concentrations of cesium and plutonium radionuclides in soils in
Switzerland and several neighboring countries. Using an archive of European
soil samples, a team of researchers led by Catherine Meisburger from the
University of Basel was able to track down the sources of radioactive
fallout between 1960 and 2009.

This study was published in the journal
Scientific Reports. On the new map of radioactive contamination of the
soil, there are not only Switzerland but also several neighboring countries
– France, Italy, Germany and Belgium. The map is based on a new
calculation method, namely the use of the ratio of cesium to plutonium.
These two radionuclides were released during military nuclear tests in the
1960s. Additional cesium fell into some countries during the Chernobyl
accident in 1986.

https://freenews.live/a-new-map-of-radioactive-contamination-of-the-soil-with-cesium-and-plutonium/

July 20, 2020 Posted by | environment, EUROPE, radiation, Reference | Leave a comment

New fast test to detect ionising radiation

Scientists create a speedy finger-prick test to scan for radiation exposure in mice, Stat, By JULIET ISSELBACHERJULY 15, 2020  
Researchers have developed a simple finger-prick test that scans a single drop of blood to rapidly determine whether the body has been exposed to toxic levels of radiation.

Catastrophic radiological events — like nuclear detonations — can threaten massive populations with acute radiation syndrome, which wreaks havoc on the gastrointestinal system and destroys bone marrow, leading to infections and internal bleeding. In preparation for the possibility of such a public health disaster, scientists at Ohio State have devised a speedy and scalable method for estimating radiation exposure. They published their proof-of-concept research, conducted in mice, Wednesday in Science Translational Medicine.

Timing is key when it comes to assessing radiation dosage in members of an exposed population. Victims above a certain dose threshold require immediate and aggressive treatment, such as a blood transfusion or cytokine therapy.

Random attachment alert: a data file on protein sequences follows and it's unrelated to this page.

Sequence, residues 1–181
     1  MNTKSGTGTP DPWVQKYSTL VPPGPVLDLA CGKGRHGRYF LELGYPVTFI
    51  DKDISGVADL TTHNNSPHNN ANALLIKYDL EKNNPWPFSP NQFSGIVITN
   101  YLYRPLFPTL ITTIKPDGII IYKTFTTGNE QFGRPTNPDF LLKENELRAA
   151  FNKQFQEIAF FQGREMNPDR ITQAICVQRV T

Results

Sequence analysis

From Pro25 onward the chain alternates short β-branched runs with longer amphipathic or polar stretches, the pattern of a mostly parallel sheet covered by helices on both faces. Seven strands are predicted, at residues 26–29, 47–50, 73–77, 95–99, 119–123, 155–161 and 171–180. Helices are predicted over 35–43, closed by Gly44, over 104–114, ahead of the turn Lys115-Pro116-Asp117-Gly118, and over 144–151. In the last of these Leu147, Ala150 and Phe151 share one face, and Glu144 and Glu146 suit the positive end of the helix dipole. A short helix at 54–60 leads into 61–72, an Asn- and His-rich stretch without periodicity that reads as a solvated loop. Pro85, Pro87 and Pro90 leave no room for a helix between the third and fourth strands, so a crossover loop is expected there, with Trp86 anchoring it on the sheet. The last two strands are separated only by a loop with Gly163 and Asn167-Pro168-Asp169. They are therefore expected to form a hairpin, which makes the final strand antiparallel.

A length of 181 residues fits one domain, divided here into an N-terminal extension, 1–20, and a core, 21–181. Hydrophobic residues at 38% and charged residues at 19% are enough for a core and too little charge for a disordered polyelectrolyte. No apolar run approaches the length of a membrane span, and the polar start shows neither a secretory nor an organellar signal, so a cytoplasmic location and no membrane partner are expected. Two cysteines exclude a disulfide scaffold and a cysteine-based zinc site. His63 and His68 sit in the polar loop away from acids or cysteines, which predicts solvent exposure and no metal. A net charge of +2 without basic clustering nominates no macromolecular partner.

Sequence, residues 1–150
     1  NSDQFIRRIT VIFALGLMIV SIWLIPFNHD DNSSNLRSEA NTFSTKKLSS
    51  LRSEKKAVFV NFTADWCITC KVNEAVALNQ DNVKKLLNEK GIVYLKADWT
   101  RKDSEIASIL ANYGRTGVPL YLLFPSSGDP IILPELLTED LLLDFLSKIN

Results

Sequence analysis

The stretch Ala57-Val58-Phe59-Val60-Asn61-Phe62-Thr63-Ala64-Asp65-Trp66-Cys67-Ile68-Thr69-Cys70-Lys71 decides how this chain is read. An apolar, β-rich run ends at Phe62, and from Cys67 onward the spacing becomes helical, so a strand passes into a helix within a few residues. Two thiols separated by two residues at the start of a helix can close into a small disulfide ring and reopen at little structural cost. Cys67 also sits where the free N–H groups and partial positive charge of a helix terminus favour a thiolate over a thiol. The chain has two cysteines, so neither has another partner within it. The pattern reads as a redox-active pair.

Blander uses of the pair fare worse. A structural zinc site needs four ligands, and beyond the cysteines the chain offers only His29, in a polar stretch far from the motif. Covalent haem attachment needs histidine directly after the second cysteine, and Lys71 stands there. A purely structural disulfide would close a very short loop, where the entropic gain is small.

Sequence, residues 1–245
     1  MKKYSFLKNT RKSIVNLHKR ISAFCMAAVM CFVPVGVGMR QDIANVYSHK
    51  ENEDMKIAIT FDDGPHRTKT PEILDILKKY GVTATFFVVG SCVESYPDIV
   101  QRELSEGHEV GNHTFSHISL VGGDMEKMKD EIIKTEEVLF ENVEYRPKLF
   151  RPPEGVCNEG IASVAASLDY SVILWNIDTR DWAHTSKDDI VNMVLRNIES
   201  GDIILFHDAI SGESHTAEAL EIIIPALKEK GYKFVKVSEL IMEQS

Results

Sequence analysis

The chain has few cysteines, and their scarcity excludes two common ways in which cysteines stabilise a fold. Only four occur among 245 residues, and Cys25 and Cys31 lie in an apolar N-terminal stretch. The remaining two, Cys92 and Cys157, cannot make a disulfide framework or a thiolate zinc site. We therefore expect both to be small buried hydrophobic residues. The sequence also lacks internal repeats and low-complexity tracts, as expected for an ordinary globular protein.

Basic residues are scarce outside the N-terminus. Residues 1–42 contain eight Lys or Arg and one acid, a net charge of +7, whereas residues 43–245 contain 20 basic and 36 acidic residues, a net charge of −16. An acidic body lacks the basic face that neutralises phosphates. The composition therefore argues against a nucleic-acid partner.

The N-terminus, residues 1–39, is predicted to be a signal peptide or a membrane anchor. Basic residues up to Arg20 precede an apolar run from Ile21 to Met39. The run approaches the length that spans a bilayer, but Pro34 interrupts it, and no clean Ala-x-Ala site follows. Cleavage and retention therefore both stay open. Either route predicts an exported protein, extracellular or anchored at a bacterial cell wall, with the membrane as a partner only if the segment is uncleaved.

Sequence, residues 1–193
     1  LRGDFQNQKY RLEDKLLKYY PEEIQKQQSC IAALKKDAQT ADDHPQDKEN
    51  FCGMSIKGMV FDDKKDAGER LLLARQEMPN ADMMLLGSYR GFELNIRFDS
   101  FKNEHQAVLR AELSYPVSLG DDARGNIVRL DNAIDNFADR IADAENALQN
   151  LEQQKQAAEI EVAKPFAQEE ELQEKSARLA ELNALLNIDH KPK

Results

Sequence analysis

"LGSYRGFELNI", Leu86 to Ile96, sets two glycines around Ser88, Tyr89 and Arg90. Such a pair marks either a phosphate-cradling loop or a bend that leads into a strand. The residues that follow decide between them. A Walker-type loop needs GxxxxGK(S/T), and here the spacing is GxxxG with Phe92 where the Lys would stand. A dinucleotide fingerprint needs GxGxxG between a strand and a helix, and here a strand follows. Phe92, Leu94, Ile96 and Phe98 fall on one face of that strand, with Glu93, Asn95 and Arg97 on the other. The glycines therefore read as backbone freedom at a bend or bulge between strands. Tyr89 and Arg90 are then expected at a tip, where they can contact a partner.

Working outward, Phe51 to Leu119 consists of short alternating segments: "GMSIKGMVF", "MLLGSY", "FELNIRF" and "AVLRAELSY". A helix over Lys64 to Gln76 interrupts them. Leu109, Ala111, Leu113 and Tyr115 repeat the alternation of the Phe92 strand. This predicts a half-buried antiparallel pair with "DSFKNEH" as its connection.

“Early detection will save lives,” said Naduparambil Jacob, senior author of the study and a molecular biologist at Ohio State University Comprehensive Cancer Center.
The current “gold standard” test for radiation exposure is a dicentric chromosome assay, which looks for hallmarks of radiation-induced DNA damage. The problem is that this test takes around three or four days to yield results — a waiting period that can make it harder for clinicians to know how to proceed and can potentially jeopardize patient outcomes.
“If it takes you four days to get the result, then it’s not helpful in immediate management,” said C. Norman Coleman, a researcher at the National Cancer Institute who was not involved with the study. “The idea of getting some kind of number pretty quickly that tells you what you need to do is useful for the medical system and also for the patient.”

The test Jacob’s team developed has the capability to turn out a number within hours……….   https://www.statnews.com/2020/07/15/radiation-syndrome-exposure-test/

July 15, 2020 Posted by | radiation | Leave a comment

Citizen science and Fukushima radiation

Being Clear-Eyed About Citizen Science in the Age of COVID-19

An anthropologist explores the network of citizen monitoring capabilities that developed after the Fukushima nuclear disaster in Japan in 2011 for what they might teach all of us about such strategies for the covonavirus pandemic. Sapiens MAXIME POLLERI / 15 JUL 2020 “……………  The earthquake and subsequent tsunami led to core meltdowns within some of the Fukushima power plant’s nuclear reactors. This malfunction, along with other technical incidents, resulted in the atmospheric release of radioactive pollutants, which spread predominantly over the northeastern part of Japan, forcing a widespread evacuation of Fukushima residents. By March 12, the area around the power plant had been evacuated; those living and working within 20 kilometers of the radius of the plant were forced to relocate. In the days, weeks, and months following this disaster, uncertainty around the scale and extent of contamination grew swiftly—much like what we see occurring throughout the world during the COVID-19 pandemic.